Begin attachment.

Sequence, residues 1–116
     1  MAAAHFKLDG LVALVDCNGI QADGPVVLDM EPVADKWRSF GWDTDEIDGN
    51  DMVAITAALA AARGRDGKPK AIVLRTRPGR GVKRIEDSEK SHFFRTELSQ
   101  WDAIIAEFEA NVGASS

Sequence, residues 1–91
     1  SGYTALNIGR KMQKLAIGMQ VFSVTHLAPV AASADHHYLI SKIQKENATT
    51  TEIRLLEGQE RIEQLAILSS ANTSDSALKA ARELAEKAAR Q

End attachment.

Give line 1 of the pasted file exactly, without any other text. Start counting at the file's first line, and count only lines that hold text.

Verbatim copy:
Sequence, residues 1–116